We recently gave approximately $160,000 toward childhood arthritis research in the form of research grants. The grants are funded through the Childhood Arthritis and Rheumatology Research Alliance (CARRA); small grants were given to pediatric rheumatologists and fellows small grant research awards were given to third year fellowship students.
Osteoarthritis Center of Excellence Research Story
Over the last month, we’ve kept you updated on the work being done by the researchers in our osteoarthritis (OA) center of excellence (OA COE). The COE is currently funding three Clinical Trial Network demonstration studies that may lead to better diagnosis and earlier treatments for arthritis. Researchers from six different institutions will collaborate in various aspects of these cutting-edge studies. This is the last in a series of three blogs describing these studies.
Most people with partial or complete rupture of the anterior cruciate ligament (ACL) develop post traumatic OA (PTOA) within 10 to 20 years after their injury. Unfortunately, current ACL injury treatment options (both surgical and non-surgical) are successful in the short-term but do little or nothing to reduce the risk of developing PTOA later.
All three of the current OA COE are demonstration projects that build on knowledge gained from earlier foundation-funded ACL and PTOA research.
- Xiaojuan Li and her team of investigators are working to refine and standardize biomarker assessment in cartilage images obtained through magnetic resonance imaging (MRI) to allow earlier diagnosis.
- Virginia Byers Kraus and her team are working to identify which biomarkers are most critical for predicting risk of OA after injury and to confirm the earliest and best timepoints to start treatments.
- Christian Lattermann and his research team are working on establishing a clinical trials platform to put it all together in a demonstration project allowing for the exploration of new therapeutic strategies to prevent PTOA. This platform is designed to incorporate and further validate findings with regards to early biochemical biomarkers and (MRI) imaging biomarkers and patient reported outcomes (PROs) for pain and function.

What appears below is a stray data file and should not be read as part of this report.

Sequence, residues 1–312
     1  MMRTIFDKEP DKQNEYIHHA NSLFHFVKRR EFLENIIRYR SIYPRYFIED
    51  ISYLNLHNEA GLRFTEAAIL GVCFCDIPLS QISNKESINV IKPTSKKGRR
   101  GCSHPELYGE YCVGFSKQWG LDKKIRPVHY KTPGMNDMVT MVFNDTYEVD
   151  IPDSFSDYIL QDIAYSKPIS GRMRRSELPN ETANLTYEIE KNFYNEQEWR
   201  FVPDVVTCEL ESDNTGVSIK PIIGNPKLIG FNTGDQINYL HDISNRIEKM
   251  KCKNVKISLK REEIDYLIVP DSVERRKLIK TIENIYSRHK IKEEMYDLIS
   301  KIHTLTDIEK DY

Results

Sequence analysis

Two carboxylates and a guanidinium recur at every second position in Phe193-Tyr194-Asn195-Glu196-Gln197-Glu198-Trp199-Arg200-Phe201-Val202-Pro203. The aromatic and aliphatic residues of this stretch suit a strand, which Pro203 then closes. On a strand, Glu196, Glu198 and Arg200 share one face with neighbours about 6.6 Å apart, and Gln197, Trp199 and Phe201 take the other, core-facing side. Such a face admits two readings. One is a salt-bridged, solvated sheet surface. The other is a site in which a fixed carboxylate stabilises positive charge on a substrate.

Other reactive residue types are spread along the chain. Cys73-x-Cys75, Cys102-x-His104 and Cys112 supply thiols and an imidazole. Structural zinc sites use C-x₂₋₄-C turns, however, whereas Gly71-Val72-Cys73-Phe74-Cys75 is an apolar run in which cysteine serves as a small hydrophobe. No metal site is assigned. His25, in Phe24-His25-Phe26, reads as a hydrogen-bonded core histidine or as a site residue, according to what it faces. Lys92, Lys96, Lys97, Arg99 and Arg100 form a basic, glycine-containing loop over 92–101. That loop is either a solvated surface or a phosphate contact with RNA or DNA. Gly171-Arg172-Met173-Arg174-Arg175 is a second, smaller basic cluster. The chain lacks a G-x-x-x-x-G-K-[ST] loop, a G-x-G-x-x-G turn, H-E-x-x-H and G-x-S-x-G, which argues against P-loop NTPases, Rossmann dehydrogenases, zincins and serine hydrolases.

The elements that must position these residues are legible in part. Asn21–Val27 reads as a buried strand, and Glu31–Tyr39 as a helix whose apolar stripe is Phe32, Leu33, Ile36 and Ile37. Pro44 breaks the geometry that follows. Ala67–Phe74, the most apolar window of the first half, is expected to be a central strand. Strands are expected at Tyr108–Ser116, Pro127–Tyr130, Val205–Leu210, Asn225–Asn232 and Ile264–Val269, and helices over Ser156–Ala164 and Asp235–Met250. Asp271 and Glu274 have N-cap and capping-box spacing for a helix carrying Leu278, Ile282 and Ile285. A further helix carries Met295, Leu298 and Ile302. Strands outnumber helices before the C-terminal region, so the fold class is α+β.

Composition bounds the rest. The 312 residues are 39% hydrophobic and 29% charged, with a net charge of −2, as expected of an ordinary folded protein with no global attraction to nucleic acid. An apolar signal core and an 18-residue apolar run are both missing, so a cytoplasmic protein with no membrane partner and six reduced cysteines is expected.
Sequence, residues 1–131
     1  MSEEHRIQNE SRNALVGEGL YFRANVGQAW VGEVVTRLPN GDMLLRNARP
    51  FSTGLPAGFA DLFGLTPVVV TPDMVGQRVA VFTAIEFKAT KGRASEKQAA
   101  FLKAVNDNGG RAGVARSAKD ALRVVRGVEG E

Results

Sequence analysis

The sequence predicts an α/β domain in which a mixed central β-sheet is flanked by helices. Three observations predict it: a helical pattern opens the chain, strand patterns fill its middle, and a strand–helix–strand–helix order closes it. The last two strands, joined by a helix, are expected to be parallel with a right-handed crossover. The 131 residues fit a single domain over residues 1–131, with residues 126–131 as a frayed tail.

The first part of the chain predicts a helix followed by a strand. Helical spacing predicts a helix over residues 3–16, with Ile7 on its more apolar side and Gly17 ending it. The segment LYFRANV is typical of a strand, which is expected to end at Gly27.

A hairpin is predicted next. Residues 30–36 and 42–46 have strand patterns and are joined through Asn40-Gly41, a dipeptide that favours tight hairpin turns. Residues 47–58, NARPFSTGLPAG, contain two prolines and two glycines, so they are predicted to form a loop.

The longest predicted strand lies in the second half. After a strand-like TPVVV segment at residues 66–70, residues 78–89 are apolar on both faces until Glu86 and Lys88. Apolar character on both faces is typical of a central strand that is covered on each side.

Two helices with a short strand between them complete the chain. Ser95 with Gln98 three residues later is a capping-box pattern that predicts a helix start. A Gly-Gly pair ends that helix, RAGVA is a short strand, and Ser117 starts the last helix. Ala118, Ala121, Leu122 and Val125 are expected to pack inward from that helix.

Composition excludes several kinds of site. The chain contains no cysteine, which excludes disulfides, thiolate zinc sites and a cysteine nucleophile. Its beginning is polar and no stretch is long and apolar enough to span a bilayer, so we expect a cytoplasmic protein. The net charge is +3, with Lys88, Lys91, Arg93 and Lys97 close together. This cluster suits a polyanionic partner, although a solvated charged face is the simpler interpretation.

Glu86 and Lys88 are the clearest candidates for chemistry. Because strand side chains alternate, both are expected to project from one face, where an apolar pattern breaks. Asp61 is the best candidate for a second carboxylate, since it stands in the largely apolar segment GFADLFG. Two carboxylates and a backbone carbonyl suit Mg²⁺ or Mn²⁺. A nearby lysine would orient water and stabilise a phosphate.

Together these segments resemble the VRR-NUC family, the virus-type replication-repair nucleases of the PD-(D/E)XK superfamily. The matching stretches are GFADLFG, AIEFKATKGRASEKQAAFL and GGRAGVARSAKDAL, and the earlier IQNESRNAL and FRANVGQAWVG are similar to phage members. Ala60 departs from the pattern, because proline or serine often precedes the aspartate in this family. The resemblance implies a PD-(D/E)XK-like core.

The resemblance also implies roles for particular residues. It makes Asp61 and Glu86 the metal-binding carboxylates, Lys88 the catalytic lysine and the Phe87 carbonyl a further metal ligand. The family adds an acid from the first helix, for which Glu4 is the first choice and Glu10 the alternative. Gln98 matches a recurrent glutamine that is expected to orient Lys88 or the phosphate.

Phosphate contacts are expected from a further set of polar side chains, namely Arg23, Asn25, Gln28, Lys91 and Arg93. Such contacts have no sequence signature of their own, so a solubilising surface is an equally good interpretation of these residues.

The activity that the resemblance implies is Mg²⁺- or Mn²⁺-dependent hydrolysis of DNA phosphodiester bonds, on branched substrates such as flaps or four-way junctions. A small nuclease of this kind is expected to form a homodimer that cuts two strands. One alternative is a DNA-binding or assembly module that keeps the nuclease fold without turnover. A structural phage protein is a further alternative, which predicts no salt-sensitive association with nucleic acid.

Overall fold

Dr. Lattermann and his team are basing their OA COE project on what they learned from an earlier Arthritis Foundation-funded study. In 2012, Dr. Lattermann received an Innovative Research Grant for his 2-year project, “IL-1RA Treatment in Patients with Acute ACL Tear and Painful Effusions,” which he worked on with Dr. Kraus. Due to unforeseen difficulties, this study was modified to use a corticosteroid (an anti-inflammatory agent) instead of a blocker of IL-1. The study was the first of its kind to evaluate the effect of an early anti-inflammatory intervention and biomarker profiles in the first couple of weeks after ACL injury. In brief, this study concluded that PTOA begins at the time of ACL injury. In this early study, 49 young adult patients were treated with corticosteroid or placebo at 4 days and 2 weeks following the ACL injury. The study showed that while early treatment with corticosteroid did reduce collagen breakdown in cartilage, it didn’t reduce the anti-inflammatory biomarkers (Interleukin-1 or IL-1) in patients.
Following the previous study, the team continued to work on the FDA approval to use an iL-1 blocker that we believe to be even more effective in blocking inflammation than cortisone. The current OA COE study is now looking at how this injectable drug (also known as IL‑1 receptor antagonist or IL-1Ra) may reduce the risk of developing PTOA in adolescents and young adults (aged 14 to 33) with ACL tears. The goal is that the drug will reduce the level of IL-1 in patients, thereby reducing the future risk of developing PTOA. IL-1Ra is currently used to treat rheumatoid arthritis, juvenile inflammatory arthritis, and post-surgical knee swelling. Dr. Lattermann and his team have received permission by the FDA to treat and study patients after ACL injury using IL-Ra.
Patients who take part in this study will be placed by random into one of three treatment groups:
- Group 1 will receive a placebo injection at Visit 1(about 4 days after injury) and an IL-1Ra injection at Visit 2 (about 2 weeks after injury).
- Group 2 will receive an IL-1Ra injection at Visit 1and a placebo injection at Visit 2.
- Group 3 will receive placebo injections at Visits 1 and 2.
Dr. Lattermann and his team will look at the changes in biomarkers in synovial fluid, blood, and urine at different times beginning within 7 days of the injury for up to 1 year. Knee imaging in the form of MRI scans and x-rays will also be performed for up to 2 years to look for changes.